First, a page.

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The pastor cares for the sheep

John 10:11-16

Pastor David Ernst

Second Sunday after Easter
Epiphany Lutheran Mission of La Caramuca  
Barinas, Venezuela

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Sun, Apr 30, 2017 

Grace and peace in our Lord and Savior, Jesus Christ.

Our theme for today is the Good Shepherd. In our text, Jesus clearly says, "I am the Good Shepherd." This statement had profound meaning for the disciples and others who heard it the first time. The culture of Israel was based on livestock. Like the figure of the cowboy in the culture of Venezuela, the figure of the shepherd was part of the national identity. The patriarchs, Abraham, Isaac and Jacob had their cows and sheep. In addition, the figures that pointed directly to the Messiah, the promised Savior, were shepherds.

God sent Moses to free the people from slavery in Egypt and with the help of God, Moses led the Israelites on their journey from the Red Sea to Mount Sinai and from Sinai to the Promised Land. Moses learned to run a large crowd in the desert as the shepherd of his father-in-law's sheep. And the Lord promised that the Messiah would be a prophet greater than Moses.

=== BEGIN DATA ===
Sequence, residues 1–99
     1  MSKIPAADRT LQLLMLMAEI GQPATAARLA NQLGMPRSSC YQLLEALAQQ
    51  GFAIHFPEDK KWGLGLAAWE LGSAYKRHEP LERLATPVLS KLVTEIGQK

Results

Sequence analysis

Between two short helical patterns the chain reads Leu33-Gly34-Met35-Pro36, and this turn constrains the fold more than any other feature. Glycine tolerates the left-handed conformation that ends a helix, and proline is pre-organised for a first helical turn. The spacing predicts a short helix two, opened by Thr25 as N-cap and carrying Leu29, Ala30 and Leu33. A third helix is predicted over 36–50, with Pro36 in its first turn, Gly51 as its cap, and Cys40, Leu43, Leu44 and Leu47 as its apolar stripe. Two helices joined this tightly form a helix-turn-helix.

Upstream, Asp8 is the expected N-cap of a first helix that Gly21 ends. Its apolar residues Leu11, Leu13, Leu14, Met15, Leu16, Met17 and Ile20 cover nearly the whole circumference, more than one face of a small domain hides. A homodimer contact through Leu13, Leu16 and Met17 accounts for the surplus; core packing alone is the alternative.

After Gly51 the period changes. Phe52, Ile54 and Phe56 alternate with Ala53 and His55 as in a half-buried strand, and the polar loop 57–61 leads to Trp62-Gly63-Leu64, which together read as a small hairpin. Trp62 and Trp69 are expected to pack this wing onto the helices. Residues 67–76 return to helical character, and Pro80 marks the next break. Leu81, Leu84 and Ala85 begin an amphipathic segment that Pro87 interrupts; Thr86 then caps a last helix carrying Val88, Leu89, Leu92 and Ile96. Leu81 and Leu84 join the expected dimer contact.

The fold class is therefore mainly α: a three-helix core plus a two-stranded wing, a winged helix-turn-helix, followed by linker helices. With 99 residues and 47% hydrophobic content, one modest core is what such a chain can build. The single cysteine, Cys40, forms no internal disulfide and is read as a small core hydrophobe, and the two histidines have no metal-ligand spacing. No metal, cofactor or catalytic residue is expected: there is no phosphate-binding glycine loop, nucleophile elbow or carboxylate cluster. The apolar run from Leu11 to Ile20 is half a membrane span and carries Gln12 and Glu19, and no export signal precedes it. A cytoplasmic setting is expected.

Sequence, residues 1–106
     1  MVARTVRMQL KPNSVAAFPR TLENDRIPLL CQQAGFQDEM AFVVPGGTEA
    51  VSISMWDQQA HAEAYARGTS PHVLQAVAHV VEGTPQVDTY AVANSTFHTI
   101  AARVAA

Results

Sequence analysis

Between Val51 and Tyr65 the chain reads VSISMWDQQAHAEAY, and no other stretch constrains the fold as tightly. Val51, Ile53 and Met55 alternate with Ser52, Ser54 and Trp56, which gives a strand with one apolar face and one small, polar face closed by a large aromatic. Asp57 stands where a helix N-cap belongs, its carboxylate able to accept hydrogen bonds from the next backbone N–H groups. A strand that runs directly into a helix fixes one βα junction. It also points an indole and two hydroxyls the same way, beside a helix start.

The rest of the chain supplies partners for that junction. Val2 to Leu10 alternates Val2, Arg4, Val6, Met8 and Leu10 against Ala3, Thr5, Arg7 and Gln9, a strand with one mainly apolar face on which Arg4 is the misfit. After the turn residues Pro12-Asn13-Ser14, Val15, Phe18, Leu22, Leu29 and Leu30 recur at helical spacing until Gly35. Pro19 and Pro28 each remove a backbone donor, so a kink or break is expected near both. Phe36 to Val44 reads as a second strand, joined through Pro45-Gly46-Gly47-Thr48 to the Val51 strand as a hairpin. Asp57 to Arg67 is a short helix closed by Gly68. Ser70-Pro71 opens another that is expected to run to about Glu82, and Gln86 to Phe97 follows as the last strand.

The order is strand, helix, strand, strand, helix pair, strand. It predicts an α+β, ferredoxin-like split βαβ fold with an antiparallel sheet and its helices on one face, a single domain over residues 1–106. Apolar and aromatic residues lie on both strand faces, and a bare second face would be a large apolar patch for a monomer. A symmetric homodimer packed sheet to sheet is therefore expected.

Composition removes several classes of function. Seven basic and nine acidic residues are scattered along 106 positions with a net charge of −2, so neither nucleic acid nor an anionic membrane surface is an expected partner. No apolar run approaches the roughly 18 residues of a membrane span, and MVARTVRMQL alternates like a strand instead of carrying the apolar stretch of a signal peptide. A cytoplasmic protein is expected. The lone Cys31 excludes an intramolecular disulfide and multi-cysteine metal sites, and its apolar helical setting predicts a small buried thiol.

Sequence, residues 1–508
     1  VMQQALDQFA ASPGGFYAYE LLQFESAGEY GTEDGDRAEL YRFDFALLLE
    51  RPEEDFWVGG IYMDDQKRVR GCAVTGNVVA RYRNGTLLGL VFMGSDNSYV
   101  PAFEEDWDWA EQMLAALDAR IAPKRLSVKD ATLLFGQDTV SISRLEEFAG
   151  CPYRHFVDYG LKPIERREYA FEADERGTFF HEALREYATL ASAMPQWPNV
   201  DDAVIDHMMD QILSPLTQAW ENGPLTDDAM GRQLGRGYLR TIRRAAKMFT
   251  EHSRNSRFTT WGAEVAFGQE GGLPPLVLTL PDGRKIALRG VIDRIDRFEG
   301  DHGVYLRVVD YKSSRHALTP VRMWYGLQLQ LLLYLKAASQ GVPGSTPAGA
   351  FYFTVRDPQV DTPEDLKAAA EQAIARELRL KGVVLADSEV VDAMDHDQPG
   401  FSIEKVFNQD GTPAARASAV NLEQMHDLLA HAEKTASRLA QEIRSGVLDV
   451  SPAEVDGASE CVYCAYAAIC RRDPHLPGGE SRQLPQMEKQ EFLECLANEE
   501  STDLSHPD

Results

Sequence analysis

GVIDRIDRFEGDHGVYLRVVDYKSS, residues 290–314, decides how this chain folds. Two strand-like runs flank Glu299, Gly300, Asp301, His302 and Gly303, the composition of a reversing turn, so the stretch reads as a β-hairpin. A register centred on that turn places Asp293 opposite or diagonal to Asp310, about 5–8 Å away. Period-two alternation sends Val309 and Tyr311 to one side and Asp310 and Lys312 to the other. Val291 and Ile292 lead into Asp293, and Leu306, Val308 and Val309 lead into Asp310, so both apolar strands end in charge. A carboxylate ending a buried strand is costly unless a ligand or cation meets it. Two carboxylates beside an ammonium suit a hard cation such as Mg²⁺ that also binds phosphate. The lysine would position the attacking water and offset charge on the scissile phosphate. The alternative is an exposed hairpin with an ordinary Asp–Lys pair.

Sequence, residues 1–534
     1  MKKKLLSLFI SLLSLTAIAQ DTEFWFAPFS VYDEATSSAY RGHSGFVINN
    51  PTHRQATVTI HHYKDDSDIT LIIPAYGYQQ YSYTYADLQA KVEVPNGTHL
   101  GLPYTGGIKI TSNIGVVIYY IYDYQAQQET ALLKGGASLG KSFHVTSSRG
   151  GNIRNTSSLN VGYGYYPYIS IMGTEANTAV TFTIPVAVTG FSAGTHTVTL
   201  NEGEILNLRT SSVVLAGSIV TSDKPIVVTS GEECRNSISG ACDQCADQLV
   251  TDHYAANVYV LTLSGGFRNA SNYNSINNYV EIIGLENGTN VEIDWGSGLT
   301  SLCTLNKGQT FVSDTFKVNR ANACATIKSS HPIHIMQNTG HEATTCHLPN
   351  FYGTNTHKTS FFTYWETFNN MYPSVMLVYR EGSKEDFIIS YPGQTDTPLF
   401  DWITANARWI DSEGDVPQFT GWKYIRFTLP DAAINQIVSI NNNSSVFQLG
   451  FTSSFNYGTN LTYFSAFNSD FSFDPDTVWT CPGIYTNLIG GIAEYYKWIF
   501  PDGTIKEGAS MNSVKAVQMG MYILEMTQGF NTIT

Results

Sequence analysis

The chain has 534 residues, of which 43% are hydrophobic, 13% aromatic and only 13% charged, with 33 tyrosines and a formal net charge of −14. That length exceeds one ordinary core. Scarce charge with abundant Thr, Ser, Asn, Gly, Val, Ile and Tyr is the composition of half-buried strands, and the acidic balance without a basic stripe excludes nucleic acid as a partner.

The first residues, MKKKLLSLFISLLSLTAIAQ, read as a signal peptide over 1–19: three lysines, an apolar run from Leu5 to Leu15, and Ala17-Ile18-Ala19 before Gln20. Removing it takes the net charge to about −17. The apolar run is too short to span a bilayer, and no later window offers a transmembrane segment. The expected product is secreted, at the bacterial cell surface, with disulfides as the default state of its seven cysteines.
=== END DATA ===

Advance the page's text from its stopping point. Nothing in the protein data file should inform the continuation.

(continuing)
God sent the prophet Samuel to seek the next king of Israel among the sons of Jesse. Jesse had many handsome sons, and each one walked before Samuel in a sort of beauty pageant. But, the Spirit of God told Samuel that none should be king. Finally, Samuel asked Jese if he has other children. And Jesse replied that he had a boy in the field tending the sheep. Samuel anointed David as king. Then David overcame Goliath with the sling he used to protect the sheep from the wolves and bears. And the Lord promised that the Messiah would be a greater king than David.

The Messiah would have three roles: Prophet, King and Priest. The high priest in the Old Testament had the task of sacrificing a lamb to propitiate the sins of the people, and Isaiah prophesied that the Messiah will suffer like the lamb for the propitiation of the sins of the people. Then everyone understood what Jesus said when he said, "I am the Good Shepherd." The Good Shepherd was a title of the Messiah.

The shepherd guides the sheep on the safe path to the green pastures. As Jehovah says in our Old Testament reading (Ezekiel 34: 11-16), "I will feed my sheep." The shepherd also protects the sheep against wolves and other predators. At that time, the shepherd relied on his sheep for his livelihood as the sheep depended on him, so the shepherd was ready to put his body between the sheep and danger. Jesus Christ does not depend on us as we depend on Him, yet He loves us. That is why He gave his life to protect us against the malice of the devil and the wrath of God.

How should we think of the hireling? "But the hireling, who is not the shepherd, whose sheep are not his own, sees the wolf coming, and leaves the sheep, and flees, and the wolf snatches them, and scatters the sheep. So the hireling flees, because he is hired, and does not take care of the sheep. "